CHAUVIN, La. - Her hand is still swollen and wide scars run up her right arm, but Lois Domangue finally feels like herself again.
Domangue spent 15 days in the hospital in August after contracting vibrio vulnificus, better known as flesh-eating bacteria.
"There's the cut down here that they did that's so crooked," she says. "I was told that they didn't think it was going to mean anything anyhow. They were just cutting to save my life."
Domange says the bacteria got into her system while she was cleaning crabs that came out of the Boudreaux Canal. Just a tiny pinch on her finger and she was in the hospital less than 24 hours later.
"When I heard them say in the background CCU and that I was critical and they had my feet up and my head down because of the pressure," she says. "I lifted my hand to God and I gave it to him and here I am."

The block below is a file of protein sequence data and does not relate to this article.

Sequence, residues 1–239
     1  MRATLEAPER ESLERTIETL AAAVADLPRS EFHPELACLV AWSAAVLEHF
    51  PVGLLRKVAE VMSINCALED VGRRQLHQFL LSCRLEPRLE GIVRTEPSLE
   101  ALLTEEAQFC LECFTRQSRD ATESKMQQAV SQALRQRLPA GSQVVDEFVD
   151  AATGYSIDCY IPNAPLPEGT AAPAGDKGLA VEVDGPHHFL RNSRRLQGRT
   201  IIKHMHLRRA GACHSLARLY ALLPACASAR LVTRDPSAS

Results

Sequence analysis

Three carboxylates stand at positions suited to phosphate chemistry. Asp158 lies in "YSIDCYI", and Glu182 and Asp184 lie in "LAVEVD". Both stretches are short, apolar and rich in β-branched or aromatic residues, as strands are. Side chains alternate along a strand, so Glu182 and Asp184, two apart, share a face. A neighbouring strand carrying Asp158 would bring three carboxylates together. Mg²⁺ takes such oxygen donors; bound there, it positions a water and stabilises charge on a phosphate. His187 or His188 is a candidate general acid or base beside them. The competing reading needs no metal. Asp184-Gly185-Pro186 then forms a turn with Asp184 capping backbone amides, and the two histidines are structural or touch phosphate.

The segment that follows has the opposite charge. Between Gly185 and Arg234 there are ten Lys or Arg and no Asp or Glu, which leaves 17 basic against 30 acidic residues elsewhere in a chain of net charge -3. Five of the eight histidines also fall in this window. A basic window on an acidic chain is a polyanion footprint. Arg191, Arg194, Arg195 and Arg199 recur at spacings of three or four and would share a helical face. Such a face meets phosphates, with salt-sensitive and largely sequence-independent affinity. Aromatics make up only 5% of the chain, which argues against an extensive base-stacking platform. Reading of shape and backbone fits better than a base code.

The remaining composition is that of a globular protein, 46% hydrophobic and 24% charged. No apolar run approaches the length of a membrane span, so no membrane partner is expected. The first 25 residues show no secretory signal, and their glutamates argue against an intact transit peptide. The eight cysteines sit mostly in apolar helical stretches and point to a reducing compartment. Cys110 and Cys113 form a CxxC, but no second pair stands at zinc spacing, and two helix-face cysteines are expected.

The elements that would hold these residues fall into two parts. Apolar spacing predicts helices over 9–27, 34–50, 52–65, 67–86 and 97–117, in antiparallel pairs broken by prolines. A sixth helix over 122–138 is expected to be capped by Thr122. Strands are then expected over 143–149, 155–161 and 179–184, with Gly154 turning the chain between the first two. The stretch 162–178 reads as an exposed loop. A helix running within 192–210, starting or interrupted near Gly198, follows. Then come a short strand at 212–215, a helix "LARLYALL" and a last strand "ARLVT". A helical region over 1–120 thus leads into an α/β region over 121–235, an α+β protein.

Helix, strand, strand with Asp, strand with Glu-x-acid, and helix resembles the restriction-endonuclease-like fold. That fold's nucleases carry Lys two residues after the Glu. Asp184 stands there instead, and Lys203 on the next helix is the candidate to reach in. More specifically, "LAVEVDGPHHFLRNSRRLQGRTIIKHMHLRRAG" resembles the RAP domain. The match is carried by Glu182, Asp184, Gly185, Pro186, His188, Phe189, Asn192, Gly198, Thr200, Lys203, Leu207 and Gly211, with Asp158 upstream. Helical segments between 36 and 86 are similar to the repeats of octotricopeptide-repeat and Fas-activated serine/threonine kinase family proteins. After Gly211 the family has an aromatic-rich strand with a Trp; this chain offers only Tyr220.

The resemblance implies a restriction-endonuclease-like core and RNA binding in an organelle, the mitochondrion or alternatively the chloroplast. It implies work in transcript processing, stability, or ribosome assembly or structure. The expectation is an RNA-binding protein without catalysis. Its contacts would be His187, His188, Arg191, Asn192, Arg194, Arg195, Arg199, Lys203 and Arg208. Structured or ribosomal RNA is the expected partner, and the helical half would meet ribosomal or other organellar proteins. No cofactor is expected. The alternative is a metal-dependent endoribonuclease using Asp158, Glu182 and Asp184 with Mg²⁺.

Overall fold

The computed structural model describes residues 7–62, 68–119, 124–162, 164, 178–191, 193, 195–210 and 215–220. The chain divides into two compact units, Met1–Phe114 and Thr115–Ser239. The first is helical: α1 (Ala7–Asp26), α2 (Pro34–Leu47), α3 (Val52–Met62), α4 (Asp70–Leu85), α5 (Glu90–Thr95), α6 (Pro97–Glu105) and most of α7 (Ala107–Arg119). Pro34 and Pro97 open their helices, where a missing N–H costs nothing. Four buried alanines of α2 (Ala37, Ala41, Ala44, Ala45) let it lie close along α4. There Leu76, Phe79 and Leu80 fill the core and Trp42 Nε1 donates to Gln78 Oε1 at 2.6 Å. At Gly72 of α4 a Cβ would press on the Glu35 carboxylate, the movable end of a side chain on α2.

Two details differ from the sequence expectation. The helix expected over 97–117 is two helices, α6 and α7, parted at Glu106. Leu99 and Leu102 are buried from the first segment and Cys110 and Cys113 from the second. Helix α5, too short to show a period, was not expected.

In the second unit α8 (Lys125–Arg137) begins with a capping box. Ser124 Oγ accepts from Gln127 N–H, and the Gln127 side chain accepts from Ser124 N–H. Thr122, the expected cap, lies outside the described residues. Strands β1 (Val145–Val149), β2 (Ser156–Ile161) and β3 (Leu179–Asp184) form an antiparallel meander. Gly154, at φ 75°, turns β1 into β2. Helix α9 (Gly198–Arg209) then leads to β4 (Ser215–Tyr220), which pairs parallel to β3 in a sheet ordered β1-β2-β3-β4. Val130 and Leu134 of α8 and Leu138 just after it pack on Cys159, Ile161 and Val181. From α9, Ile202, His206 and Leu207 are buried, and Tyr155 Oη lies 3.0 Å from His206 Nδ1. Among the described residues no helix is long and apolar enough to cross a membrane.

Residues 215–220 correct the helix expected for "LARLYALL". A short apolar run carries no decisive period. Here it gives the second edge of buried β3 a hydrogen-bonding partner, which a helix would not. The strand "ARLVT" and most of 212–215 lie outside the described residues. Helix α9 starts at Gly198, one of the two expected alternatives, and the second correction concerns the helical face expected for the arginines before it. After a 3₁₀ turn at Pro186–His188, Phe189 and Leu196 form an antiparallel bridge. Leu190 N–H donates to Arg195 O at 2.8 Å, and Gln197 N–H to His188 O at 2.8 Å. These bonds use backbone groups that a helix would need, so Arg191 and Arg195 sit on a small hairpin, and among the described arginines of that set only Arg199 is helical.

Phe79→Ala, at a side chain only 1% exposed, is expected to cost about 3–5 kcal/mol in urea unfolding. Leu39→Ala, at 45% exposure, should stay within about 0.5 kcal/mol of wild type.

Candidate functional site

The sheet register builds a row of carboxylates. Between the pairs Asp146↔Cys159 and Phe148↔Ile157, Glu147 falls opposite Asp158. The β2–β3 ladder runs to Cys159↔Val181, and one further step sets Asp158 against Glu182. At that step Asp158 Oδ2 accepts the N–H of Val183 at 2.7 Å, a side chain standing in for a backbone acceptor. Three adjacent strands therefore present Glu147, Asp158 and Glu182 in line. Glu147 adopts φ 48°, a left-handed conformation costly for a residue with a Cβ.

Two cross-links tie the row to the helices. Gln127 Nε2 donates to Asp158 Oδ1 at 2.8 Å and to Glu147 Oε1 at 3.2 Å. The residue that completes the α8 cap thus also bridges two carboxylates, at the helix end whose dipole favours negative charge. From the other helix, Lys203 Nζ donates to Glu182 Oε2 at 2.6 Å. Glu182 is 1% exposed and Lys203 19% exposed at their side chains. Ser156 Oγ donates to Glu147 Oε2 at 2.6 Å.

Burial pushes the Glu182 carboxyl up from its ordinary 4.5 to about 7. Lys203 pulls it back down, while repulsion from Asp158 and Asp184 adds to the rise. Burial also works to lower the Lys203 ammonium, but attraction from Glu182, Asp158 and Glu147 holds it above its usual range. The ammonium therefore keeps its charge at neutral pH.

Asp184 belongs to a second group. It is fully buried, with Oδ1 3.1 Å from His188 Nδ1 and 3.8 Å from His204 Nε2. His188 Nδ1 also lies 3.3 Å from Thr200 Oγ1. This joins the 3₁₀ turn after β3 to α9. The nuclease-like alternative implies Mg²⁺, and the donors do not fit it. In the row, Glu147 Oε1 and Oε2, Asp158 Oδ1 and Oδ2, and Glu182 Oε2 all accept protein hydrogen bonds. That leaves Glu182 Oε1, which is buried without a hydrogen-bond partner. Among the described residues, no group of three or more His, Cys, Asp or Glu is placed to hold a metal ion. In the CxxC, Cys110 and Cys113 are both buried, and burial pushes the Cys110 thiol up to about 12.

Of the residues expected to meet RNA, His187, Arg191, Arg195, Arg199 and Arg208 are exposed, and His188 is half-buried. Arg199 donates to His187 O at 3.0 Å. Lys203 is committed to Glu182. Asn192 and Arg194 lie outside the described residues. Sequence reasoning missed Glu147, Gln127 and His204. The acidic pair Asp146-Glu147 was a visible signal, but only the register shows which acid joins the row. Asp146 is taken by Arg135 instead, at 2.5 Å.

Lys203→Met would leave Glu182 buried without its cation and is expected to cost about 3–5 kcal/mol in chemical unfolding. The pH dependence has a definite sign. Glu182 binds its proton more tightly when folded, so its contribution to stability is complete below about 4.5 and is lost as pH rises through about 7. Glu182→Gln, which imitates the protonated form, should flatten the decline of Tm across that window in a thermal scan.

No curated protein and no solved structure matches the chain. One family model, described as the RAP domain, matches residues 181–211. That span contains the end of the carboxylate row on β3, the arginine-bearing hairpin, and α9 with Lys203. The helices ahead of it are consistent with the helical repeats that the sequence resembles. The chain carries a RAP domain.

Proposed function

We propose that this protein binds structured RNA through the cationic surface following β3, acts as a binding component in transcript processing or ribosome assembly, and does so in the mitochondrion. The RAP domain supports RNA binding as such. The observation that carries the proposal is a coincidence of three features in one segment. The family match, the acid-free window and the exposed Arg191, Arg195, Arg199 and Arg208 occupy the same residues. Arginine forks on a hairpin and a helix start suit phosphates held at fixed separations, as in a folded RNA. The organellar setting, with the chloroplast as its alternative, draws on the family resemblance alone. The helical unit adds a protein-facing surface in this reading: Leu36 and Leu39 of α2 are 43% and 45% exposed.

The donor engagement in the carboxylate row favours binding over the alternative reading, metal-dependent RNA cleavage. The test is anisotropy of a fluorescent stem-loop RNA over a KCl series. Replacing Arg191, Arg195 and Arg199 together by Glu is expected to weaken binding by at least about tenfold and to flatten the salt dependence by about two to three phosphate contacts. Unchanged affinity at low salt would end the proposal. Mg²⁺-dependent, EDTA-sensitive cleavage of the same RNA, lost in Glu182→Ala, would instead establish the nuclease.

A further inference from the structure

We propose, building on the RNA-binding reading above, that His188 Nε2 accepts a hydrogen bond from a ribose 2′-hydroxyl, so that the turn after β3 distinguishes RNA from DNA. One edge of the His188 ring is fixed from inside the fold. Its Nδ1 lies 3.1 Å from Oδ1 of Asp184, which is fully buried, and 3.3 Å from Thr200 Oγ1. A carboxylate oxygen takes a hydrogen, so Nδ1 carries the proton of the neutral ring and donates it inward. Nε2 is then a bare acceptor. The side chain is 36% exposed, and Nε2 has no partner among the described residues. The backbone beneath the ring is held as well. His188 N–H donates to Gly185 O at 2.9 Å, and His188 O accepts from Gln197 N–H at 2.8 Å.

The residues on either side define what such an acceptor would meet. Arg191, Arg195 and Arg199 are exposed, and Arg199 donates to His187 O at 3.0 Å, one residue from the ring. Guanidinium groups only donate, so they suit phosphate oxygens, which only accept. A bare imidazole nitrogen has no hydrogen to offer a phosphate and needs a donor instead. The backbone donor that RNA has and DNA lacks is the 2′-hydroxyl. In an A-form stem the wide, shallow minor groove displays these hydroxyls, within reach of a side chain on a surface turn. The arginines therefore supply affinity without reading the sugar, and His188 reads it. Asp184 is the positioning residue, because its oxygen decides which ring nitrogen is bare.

Not everyone recovers from the bacterial infection.
An 83-year old man died from it this summer, leading the Louisiana Department of Health and Hospitals to issue a warning to swimmers.
The bacteria infected at least 31 people in Florida so far this year, killing 10.
According to DHH, the number of cases in Louisiana isn't higher than in previous years. Even doctors in Florida say they're not seeing an increase in the number of vibrio vulnificus infections.
Still, Darrell Domange thinks health officials need to better warn people about the bacteria that nearly killed his mother. It occurs naturally along coastal waters in the hot summer months.
"In the heat of the summer, on your hottest days and stuff, you got your kids in the water, hydro sliding, swimming," he says. "There's no way in the world my kids are getting no where near that water. Not after what I seen."
Lois Domangue is wary about handling seafood again, even after a lifetime of working in and around the water.